Species Tree Estimation from Genome Scale Data

Tuesday, February 24, 2015 -
4:00pm to 5:00pm
Biotechnology Center Auditorium, 425 Henry Mall

Speaker Name: 

Siavash Mirarab

Speaker Institution: 

University of Texas at Austin

Cookies: 

No

Description: 

This is a Computational Biology Seminar featuring Siavash Mirarab, a PhD student in the Department of Computer Science, University of Texas at Austin.

Abstract: Species trees describe the evolutionary relationships between a set of taxa, and are a fundamental tool in various biological analyses. Accurate reconstruction of species trees is complicated by potential discordance between evolutionary histories of various loci in the genome (i.e., “gene trees”) due to biological processes such as Incomplete Lineage Sorting (ILS). In the presence of ILS, statistically consistent “summary methods” have been developed to estimate the species tree given the true gene tree distribution. However, in practice, using these methods on genome-wide sequence data has proved challenging. A basic shortcoming of summary methods is that they assume that the true gene tree distribution is known. However, with genome-wide data, many loci have limited information, resulting in extremely noisy estimates of the gene tree distribution, and consequently inaccurate estimates of the species tree. To address this shortcoming, we have developed a new approach called “statistical binning” that bins genes into sets and uses these bins to estimate the gene tree distribution [1]. Our binning algorithm uses statistical measures of branch support, and is based on a graph-centric optimization problem. We have shown through experimental studies that binning can dramatically increase the accuracy of gene tree distribution, and therefore the accuracy of the species tree. A second challenge was that existing summary methods have reduced accuracy with even a moderately large number of taxa, among other conditions. To enable analyses of larger datasets, we have developed a new summary method, called ASTRAL [2], that can run on datasets with up to 1000 taxa and 1000 genes. We have shown that ASTRAL produces trees that are more accurate than competing summary methods. ASTRAL and statistical binning enabled analyses of two very large datasets, one on 103 plant species [3] and another on 48 bird species [4].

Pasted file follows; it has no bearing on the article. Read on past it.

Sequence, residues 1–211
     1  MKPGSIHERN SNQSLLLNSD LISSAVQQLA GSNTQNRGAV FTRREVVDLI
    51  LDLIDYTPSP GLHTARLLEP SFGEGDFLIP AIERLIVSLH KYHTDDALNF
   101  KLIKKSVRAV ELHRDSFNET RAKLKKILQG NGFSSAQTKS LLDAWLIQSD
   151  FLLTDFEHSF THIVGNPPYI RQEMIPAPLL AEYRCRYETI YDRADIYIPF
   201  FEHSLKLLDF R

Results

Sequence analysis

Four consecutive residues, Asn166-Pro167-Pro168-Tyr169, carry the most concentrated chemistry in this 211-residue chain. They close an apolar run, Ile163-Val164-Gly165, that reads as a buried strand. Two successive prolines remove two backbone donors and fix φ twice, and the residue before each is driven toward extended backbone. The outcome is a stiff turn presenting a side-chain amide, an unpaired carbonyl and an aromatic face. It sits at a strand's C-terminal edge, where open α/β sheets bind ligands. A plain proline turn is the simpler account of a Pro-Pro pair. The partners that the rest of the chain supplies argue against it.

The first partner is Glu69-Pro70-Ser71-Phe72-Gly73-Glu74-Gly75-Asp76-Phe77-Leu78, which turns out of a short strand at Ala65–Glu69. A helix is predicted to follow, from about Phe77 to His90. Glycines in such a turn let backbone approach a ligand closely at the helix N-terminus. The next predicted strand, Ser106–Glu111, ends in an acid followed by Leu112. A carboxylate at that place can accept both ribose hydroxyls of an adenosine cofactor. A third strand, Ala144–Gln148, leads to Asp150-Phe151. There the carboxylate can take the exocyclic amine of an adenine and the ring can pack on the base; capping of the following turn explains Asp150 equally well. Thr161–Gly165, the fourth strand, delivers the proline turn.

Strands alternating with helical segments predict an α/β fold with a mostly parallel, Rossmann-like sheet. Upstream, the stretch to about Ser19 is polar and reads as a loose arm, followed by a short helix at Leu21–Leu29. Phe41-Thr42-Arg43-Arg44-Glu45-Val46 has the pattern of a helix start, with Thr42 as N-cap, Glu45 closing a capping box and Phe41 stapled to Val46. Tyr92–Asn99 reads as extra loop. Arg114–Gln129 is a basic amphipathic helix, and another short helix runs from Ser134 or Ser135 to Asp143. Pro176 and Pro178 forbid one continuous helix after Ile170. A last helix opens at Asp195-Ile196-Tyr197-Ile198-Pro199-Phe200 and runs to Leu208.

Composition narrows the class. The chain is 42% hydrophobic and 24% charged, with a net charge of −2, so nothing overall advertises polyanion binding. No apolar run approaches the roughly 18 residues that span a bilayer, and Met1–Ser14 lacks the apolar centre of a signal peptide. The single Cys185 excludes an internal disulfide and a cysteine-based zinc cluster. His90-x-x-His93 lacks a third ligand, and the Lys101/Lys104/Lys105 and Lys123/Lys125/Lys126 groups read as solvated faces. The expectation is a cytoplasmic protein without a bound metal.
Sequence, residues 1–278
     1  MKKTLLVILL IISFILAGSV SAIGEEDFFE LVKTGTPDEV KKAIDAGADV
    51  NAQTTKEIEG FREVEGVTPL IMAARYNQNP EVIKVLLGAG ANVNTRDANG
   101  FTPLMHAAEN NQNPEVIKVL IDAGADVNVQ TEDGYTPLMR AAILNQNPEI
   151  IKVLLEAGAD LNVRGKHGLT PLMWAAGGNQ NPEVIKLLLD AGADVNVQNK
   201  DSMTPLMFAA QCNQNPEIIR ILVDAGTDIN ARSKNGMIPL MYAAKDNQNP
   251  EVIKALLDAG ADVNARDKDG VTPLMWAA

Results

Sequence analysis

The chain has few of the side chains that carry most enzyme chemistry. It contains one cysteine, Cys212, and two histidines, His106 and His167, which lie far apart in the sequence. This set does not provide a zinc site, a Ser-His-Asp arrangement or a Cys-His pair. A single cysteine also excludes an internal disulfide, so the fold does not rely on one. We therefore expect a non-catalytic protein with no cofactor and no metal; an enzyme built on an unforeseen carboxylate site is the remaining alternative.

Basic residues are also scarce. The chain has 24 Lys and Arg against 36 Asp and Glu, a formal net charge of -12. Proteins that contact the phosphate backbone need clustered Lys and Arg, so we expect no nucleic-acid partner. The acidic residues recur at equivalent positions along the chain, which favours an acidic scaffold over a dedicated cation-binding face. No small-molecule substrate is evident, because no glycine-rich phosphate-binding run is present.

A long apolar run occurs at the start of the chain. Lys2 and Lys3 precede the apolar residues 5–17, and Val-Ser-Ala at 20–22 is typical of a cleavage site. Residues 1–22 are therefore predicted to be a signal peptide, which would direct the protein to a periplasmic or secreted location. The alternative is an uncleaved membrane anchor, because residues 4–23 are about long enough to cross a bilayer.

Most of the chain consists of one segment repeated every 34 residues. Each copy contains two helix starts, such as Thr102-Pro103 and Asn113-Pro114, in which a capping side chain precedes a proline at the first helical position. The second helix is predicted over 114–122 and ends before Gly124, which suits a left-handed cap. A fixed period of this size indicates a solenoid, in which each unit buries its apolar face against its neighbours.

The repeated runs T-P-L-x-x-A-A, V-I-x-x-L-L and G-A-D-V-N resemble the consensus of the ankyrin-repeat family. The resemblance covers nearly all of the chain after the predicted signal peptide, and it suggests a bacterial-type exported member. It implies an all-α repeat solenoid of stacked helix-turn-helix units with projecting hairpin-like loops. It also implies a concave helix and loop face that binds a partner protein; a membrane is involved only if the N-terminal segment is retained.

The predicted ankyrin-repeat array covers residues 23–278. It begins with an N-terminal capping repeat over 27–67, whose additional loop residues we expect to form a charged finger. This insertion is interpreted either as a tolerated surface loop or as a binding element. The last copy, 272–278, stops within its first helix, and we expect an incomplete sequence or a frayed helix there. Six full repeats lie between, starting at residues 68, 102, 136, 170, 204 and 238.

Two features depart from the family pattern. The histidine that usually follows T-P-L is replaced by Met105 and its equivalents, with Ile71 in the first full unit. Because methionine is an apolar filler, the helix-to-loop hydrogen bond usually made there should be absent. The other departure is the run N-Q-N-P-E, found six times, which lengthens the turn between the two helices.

[1] Mirarab et al. Science. 2014. doi:10.1126/science.1250463    
[2] Mirarab et al. Bioinformatics (ECCB). 2014. doi:10.1093/bioinformatics/btu462  
[3] Wickett, Mirarab, et al., PNAS, 2014. doi:10.1073/pnas.1323926111     
[4] Jarvis, Mirarab, et al. Science, 2014. doi:10.